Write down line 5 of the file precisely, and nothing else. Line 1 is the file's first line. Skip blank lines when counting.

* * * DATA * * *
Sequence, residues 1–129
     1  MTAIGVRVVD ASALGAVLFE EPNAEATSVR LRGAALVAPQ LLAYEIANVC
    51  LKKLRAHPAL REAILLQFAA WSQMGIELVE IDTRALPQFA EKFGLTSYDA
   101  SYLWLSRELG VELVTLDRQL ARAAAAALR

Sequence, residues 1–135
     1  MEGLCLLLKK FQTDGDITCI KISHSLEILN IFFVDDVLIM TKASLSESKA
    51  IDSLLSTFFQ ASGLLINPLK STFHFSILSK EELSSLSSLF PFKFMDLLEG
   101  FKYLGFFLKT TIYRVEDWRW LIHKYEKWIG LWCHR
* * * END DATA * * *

Sequence, residues 1–135